Final Flight of Huey for 'Red Dogs'

Final Flight of Huey for ‘Red Dogs'

The UH-1N Huey (Right) escorts a UH-1Y Venom (Left) during the final flight of the UH-1N Huey for Marine Light Attack Helicopter Squadron 773, Marine Aircraft Group 49, aboard Naval Air Station Joint Reserve Base, New Orleans. Photo by Cpl J. Gage Karwick.

NAVAL AIR STATION JOINT RESERVE BASE, New Orleans (Sept. 3, 2014) - After more than 40 years of service, the Marine Corps retired the aging UH-1N Huey helicopter during a "sundown ceremony" Aug. 28, 2014, aboard Naval Air Station Joint Reserve Base, New Orleans.

The UH-1N Huey is a twin engine, utility helicopter manufactured by Bell Helicopters in 1969. Bell began the delivery of 205 UH-1N helicopters, to the Navy and Marine Corps in 1971. For more than 40 years of service, the UH-1N has been operationally employed in Vietnam, Grenada, the Persian Gulf, Afghanistan and Iraq. The UH-1N flew its last combat flight in 2010 in Afghanistan.

"Over the years the Marine Corps has developed a number of upgrades for the aircraft including improved avionics, aircraft survivability equipment and a forward looking infrared sensor," said Maj Joseph C. Begley, an AH-1W pilot with Marine Light Attack Helicopter Squadron 773 Detachment A, Marine Aircraft Group 49, during the ceremony opening remarks.

The UH-1N holds sentimental value for many who attended the final flight. During the ceremony, many shared their personal accounts about the aircraft.

"The UH-1N is American history; it's a touch tone aircraft of combat for a full generation," said Col Philip M. Pastino, commanding officer of MAG-49. "I was a lieutenant at the El Toro airshow in 1990 manning my Huey, [during] a static display, when an older gentleman stood back and stared for a good while. After a pause he asked me in a shaky voice if he could touch the Huey. He slowly approached the aircraft and placed his hands on the cargo deck and he started to cry. I didn't know what to do so I put my hand on his shoulder. He told me that his brothers that didn't come home, and were now on the Vietnam Memorial Wall, flew their last flight in a UH-1N. I knew then that it wasn't my Huey at the airshow, it was his and a whole generation's."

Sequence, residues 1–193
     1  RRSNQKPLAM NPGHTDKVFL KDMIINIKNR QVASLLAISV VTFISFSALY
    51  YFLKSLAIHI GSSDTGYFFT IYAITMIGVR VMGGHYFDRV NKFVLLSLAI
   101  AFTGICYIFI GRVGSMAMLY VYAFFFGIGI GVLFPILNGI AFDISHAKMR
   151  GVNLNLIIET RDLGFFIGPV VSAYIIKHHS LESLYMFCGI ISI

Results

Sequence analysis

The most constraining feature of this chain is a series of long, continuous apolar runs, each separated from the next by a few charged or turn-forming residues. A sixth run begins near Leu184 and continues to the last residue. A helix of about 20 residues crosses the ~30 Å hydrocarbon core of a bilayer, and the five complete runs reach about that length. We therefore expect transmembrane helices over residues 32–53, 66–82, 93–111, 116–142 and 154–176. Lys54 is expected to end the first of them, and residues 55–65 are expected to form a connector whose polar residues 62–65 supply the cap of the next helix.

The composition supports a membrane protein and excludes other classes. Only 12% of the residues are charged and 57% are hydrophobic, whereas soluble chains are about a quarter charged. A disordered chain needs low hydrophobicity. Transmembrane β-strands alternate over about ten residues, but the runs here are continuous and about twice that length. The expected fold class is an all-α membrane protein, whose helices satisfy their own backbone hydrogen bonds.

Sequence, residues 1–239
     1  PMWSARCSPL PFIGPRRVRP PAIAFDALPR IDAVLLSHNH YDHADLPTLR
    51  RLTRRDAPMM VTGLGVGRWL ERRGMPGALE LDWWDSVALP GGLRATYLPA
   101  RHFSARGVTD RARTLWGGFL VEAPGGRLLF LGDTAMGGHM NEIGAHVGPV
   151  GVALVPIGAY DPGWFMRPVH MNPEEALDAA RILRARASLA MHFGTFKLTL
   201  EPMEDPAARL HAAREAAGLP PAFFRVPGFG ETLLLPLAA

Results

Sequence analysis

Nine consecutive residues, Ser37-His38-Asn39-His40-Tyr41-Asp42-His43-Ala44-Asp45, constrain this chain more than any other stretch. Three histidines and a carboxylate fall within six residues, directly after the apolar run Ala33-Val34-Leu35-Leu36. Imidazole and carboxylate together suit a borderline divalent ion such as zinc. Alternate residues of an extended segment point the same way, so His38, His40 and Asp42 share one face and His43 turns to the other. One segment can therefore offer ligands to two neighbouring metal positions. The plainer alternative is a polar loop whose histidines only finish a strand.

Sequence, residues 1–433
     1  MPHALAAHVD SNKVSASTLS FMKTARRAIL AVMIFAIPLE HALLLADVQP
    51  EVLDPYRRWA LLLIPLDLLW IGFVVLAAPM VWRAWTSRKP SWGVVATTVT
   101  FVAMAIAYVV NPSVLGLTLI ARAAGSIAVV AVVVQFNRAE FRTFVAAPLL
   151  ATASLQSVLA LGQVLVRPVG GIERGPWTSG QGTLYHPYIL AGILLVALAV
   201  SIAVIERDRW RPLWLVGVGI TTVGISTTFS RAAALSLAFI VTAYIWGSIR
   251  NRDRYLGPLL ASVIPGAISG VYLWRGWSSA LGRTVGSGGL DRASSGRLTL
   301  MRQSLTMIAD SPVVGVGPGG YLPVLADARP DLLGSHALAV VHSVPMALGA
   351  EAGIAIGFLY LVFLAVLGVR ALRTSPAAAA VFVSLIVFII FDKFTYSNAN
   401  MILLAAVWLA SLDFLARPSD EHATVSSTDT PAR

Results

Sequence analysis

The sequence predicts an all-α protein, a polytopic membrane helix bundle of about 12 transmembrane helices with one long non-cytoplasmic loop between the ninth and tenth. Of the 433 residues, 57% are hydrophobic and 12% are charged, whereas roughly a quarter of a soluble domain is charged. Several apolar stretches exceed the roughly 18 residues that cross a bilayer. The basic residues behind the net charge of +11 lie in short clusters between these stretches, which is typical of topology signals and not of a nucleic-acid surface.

The UH-1N platform flown by HMLA-773, has been replaced by the new UH-1Y Venom platform which provides drastically improved capabilities to its predecessor in terms of range, airspeed, payload, survivability and lethality.

In 1996, the Marine Corps launched the H-1 upgrade program, signing a contract with Bell Helicopter for upgrading 100 UH-1Ns into UH-1Ys. The largest improvement was the increase in engine power. Replacing the engines and the two-bladed rotor system with four blades, the Y-model will return the Huey to the utility role for which it was designed. Originally, the UH-1Y was to be remanufactured from UH-1N airframes, but in April 2005, approval was granted to build them as new helicopters.

"A big thing for us is training and the UH-1Y is really going to help us be combat ready and have a more predominant place in Marine Corps aviation," said LtCol Mark Sauer, commanding officer of Det. C, MAG-49.

Though the UH-1N has retired, the Marine Corps and HMLA-773 have great expectations for their new platform, the UH-1Y Venom.

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